The Securities and Exchange Commission is adopting an interim final temporary rule under the Investment Company Act of 1940 to require a money market fund to report its portfolio holdings and valuation information to the SEC under certain circumstances. 

The new reporting requirement is designed to provide information substantially similar to that submitted by certain money market funds under the Temporary Guarantee Program for Money Market Funds established by the Department of the Treasury, which will expire on 18 September 2009.

Since October 2008, most money market funds have participated in the guarantee programme, which has guaranteed the USD1.00 share value of accounts held by investors as of 19 September 2008 in participating money market funds. The programme was established to help stabilise money market funds following a period of substantial redemptions that threatened the ability of some money market funds to maintain the USD1.00 share value.

Money market funds participating in the programme have been required, in certain circumstances, to submit their portfolio schedules and related information each week to the Treasury Department and the SEC. The SEC says these reports very useful in monitoring money market funds, and believes that continuing to receive this information will further our mission to protect investors. When the programme expires, however, money market funds will no longer be required to submit such portfolio information, and the SEC will not receive current information about money market fund holdings.

In June 2009, the commission proposed new rules and rule amendments to reform the regulation of money market funds.  The proposal included a new rule and a new form N-MFP, on which money market funds would report to the commission detailed information about their portfolio holdings, which it would use to monitor the funds. The SEC proposed to require that all money market funds submit more detailed information than it currently receives under the guarantee programme, and proposed that the information be filed in a format that would permit it to create a searchable database of money market fund information.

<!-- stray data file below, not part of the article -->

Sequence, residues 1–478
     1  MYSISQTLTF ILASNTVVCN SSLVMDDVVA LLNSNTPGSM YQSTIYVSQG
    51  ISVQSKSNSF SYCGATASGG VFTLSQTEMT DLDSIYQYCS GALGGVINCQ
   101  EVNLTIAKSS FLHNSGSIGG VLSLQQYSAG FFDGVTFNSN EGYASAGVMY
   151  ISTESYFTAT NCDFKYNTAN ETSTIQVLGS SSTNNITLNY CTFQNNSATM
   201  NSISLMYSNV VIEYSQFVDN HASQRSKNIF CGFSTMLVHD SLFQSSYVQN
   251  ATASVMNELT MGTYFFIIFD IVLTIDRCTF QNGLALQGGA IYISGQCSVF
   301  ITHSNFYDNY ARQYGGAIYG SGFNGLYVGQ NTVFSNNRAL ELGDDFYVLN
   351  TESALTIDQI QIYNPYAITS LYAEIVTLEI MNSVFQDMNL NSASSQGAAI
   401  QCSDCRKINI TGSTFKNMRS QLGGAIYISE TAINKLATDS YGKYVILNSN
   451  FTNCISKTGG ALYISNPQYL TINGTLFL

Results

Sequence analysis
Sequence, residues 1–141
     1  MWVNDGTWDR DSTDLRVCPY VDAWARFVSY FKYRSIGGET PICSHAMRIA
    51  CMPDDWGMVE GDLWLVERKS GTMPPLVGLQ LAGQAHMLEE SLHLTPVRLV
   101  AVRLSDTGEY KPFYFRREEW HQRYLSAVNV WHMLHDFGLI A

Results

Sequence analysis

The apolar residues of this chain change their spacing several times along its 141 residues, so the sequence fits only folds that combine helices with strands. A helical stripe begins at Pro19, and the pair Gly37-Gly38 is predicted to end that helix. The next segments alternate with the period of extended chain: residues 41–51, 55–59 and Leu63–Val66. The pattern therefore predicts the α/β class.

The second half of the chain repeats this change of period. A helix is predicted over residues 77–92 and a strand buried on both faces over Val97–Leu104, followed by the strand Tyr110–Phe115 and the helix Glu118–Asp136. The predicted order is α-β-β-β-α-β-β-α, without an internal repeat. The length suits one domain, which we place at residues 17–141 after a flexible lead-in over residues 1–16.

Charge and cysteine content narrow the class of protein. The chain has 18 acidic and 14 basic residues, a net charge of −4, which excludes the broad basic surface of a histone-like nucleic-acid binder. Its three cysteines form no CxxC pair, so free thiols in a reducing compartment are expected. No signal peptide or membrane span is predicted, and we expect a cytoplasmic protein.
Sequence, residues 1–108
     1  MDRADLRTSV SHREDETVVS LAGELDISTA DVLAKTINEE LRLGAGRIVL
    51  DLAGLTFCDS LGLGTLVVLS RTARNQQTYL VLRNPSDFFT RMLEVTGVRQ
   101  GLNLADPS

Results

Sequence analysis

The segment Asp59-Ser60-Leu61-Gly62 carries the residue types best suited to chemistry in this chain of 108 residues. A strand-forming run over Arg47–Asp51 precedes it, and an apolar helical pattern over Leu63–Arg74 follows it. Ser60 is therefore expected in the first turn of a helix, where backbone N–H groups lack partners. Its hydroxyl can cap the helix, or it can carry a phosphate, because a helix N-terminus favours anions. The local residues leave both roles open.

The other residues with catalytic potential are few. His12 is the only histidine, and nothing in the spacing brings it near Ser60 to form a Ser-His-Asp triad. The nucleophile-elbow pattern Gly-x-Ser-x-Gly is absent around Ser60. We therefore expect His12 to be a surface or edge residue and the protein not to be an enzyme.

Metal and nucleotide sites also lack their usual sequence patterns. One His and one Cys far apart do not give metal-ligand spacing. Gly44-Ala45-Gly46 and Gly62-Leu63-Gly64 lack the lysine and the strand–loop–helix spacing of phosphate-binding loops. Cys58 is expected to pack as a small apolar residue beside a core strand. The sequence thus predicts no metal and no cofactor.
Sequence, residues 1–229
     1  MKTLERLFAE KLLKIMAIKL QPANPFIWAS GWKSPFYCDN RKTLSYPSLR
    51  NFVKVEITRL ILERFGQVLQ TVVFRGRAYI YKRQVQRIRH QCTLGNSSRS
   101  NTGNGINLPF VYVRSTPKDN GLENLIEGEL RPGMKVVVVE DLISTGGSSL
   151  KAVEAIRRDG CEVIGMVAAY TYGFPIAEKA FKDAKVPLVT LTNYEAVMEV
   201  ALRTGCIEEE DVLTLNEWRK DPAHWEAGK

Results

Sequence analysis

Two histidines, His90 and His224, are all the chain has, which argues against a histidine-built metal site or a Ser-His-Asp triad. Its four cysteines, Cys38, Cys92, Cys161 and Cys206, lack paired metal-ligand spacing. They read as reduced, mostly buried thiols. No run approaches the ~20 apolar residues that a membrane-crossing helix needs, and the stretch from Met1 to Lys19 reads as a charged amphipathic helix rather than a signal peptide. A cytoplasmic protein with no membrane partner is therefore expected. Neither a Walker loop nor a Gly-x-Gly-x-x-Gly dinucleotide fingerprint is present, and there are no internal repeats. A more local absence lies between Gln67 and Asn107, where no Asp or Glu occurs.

Of the approximately 40 commentators who addressed the proposals to require the reporting of portfolio holdings to the commission, 33 generally supported such reporting. Some commenters, however, expressed concerns about the specific information required, the timing of the disclosure, and the SEC’s intent to make the information publicly available.

The commission will continue to review these comment letters, but in the meantime it is adopting an interim final temporary rule, rule 30b1-6T, that requires the reporting of basic securities portfolio information to the commission in certain limited circumstances. 

As was the case under the guarantee programme, only a money market fund with market-based net asset value per share below USD.9975 must report information under the rule. Such a fund must notify the commission by electronic mail and provide a portfolio schedule to the commission promptly, but in no event later than the next business day. Subsequently, the fund must report its portfolio schedule as of the last business day of the week, and submit it no later than the second day of the following week, until the fund’s market-based NAV at the end of the week is USD.9975 or greater.


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